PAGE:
Why Grown Ups Need To Play Pretend
If you're a grown up, you need to play pretend? Why? Well, I am going to use my pet topic of men who wear women's clothing as a way of example here, but this has a much wider application which will become glaringly apparent by paragraph three or four, I promise.
It all started during the debate around the way that men who wear women's clothing try to sometimes pass as women.
(Now, before we start getting tangential, let me officially acknowledge that not every man who dresses in women's clothing is trying to pass as a woman. Some men just like skirts and dresses and whatnot and are quite happy being male, but enjoy female fashion styles. I know you guys hate getting mixed up with those men who really are taking on feminine qualities, so there's the disclaimer.
During these debates, a women claimed that a man dressed as a woman could never be a woman even if he looked just like one. This would seem to be a claim of such monumental obviousness that it barely needed stating, but the fact that it was stated showed me that some adults have grown up far too much and forgotten the supreme importance of fantasy in one's life. They've lost the ability to play pretend themselves, and to understand when other adults are doing it.
As kids, we're encouraged to use our imaginations. Nobody chastises a child for pretending that they're in a rocket ship on the way to the moon. But for some reason, in spite of the fact that adults are perhaps far better at living fantasies and lies as if they were real than children ever could be, adults are not often encouraged in the realm of imagination. (Don't believe adults are better at kids at playing pretend? Most kids climb out of the imaginary rocket ship when it is time for tea, but some adults will make believe that they love someone and actually marry them only to admit months or years later that they never really loved them at all but didn't want to die alone.)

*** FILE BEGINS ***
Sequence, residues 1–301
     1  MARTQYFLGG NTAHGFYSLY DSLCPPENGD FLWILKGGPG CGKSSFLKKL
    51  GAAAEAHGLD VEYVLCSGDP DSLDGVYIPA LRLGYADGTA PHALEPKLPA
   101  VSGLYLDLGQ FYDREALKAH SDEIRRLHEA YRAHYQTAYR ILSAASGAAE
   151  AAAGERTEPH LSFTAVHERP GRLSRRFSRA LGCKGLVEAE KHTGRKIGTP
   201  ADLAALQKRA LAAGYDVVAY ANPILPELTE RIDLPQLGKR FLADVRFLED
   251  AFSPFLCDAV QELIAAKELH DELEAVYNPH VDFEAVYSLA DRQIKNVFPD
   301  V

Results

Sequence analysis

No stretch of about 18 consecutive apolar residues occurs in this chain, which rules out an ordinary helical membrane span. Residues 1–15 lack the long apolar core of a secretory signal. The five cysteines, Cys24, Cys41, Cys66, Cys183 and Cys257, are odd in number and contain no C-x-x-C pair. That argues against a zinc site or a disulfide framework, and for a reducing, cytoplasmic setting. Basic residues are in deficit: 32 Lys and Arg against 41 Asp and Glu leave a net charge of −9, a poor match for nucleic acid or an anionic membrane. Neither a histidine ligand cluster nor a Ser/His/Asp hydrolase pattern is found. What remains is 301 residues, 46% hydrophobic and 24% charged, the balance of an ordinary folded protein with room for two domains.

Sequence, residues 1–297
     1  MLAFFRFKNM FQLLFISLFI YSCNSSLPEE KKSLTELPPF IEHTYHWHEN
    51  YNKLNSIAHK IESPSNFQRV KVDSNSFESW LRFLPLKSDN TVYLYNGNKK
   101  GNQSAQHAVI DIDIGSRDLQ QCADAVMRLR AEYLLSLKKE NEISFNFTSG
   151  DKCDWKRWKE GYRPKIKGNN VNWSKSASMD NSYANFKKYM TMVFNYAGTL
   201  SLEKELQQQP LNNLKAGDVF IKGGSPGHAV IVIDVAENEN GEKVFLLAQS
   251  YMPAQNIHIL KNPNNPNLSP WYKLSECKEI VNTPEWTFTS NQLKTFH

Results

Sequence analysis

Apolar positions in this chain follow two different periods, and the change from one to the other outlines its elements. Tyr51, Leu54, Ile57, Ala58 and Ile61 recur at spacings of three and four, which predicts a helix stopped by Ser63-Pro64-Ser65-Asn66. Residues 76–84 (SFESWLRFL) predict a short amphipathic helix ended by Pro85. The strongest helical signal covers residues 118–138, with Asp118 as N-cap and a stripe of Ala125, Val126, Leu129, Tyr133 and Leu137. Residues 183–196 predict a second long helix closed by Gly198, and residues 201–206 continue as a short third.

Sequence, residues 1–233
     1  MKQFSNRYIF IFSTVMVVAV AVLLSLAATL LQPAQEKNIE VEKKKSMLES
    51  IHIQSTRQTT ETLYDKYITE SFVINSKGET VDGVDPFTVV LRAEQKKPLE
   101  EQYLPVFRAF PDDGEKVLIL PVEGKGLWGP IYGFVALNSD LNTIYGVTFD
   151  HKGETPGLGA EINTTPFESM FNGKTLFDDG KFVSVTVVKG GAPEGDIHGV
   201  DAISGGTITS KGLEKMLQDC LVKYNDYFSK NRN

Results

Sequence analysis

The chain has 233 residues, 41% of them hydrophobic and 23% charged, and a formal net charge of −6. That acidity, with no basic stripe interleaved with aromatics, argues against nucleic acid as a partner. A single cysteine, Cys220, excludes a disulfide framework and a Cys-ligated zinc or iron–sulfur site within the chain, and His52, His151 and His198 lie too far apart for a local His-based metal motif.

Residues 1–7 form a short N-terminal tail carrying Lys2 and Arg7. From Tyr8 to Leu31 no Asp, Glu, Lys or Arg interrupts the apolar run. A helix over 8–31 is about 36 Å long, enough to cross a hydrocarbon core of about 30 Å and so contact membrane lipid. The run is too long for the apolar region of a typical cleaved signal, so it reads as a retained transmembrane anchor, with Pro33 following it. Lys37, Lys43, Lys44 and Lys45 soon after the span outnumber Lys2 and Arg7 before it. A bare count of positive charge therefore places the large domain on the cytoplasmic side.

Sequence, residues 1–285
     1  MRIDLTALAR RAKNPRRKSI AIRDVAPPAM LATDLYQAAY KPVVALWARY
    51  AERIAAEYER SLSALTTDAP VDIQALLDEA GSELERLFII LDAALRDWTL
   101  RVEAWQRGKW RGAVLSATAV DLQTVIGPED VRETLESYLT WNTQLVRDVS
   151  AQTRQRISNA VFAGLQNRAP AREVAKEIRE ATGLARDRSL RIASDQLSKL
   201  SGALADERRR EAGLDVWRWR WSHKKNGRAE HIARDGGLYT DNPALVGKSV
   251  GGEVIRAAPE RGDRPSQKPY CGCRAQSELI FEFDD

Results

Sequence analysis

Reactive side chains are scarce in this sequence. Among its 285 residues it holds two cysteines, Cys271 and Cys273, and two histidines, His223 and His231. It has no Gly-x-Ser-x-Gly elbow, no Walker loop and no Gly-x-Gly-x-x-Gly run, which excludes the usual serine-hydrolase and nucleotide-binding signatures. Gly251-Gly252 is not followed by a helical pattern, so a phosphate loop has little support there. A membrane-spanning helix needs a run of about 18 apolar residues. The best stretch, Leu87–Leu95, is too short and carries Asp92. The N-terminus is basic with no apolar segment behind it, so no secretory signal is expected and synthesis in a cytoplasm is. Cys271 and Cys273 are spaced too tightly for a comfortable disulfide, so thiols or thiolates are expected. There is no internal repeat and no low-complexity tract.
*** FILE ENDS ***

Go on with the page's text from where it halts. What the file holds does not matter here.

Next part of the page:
As adults, our capacity for imagination
tends to become sublimated and discouraged outwardly, but it doesn't
go away, instead it becomes a much more powerful force of delusion,
where instead of enjoying our little fantasies, we actually believe much darker, less life affirming things that sap our energy and age us faster than a mother ship full of free radicals ever could.
However, some of us haven't lost our capacity for imagination, fantasy, fun and play. I believe that men who cross dress often fit into this category. They enjoy the feeling of being feminine, they enjoy ladies things and they live their 'real' lives quite happily. Other adults enjoy other types of imagination play, and as long as they are able to put down their toys and go and do the dishes at the end of the day, I think that imagination and fantasy are important parts of a healthy psyche not just for children, but for adults too.
I'm fortunate in that, as a writer, I am allowed to indulge my imagination on a regular basis. Though not a great deal of my fiction is published here, I nevertheless quite often spend several hours a day 'away with the fairies' as they say. When I return from these worlds, I am so much happier and more relaxed than I was when I was indulging delusions of the mundane.
If you've lost the spark of imagination in your life, take some time to rekindle it. Dress up. Write a story. Watch an old movie you've always secretly wished you could live in. Read a book that sweeps you into another realm. You'll be astounded at how just an hour of 'playing pretend' refreshes you, relieves your stress, and makes the world seem a much better place altogether.